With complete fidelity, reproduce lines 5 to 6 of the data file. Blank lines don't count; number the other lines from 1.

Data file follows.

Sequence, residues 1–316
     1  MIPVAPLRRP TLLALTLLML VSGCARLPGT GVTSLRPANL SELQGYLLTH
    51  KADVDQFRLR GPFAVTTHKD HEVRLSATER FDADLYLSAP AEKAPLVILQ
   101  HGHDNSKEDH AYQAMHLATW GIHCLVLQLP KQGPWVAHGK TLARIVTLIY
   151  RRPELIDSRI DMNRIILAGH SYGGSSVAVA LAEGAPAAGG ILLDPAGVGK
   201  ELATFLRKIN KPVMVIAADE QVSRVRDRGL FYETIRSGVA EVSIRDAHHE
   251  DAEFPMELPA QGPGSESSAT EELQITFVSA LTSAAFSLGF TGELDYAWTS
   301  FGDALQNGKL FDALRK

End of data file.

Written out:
   151  RRPELIDSRI DMNRIILAGH SYGGSSVAVA LAEGAPAAGG ILLDPAGVGK
   201  ELATFLRKIN KPVMVIAADE QVSRVRDRGL FYETIRSGVA EVSIRDAHHE